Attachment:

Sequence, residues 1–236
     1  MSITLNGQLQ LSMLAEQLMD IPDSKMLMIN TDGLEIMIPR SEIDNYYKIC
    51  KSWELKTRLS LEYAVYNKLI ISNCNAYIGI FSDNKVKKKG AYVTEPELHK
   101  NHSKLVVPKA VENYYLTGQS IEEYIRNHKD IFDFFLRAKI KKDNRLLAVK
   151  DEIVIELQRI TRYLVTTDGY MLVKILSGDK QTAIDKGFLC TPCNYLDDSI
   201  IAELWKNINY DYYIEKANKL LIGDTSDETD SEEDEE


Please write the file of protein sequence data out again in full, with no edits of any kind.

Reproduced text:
Sequence, residues 1–236
     1  MSITLNGQLQ LSMLAEQLMD IPDSKMLMIN TDGLEIMIPR SEIDNYYKIC
    51  KSWELKTRLS LEYAVYNKLI ISNCNAYIGI FSDNKVKKKG AYVTEPELHK
   101  NHSKLVVPKA VENYYLTGQS IEEYIRNHKD IFDFFLRAKI KKDNRLLAVK
   151  DEIVIELQRI TRYLVTTDGY MLVKILSGDK QTAIDKGFLC TPCNYLDDSI
   201  IAELWKNINY DYYIEKANKL LIGDTSDETD SEEDEE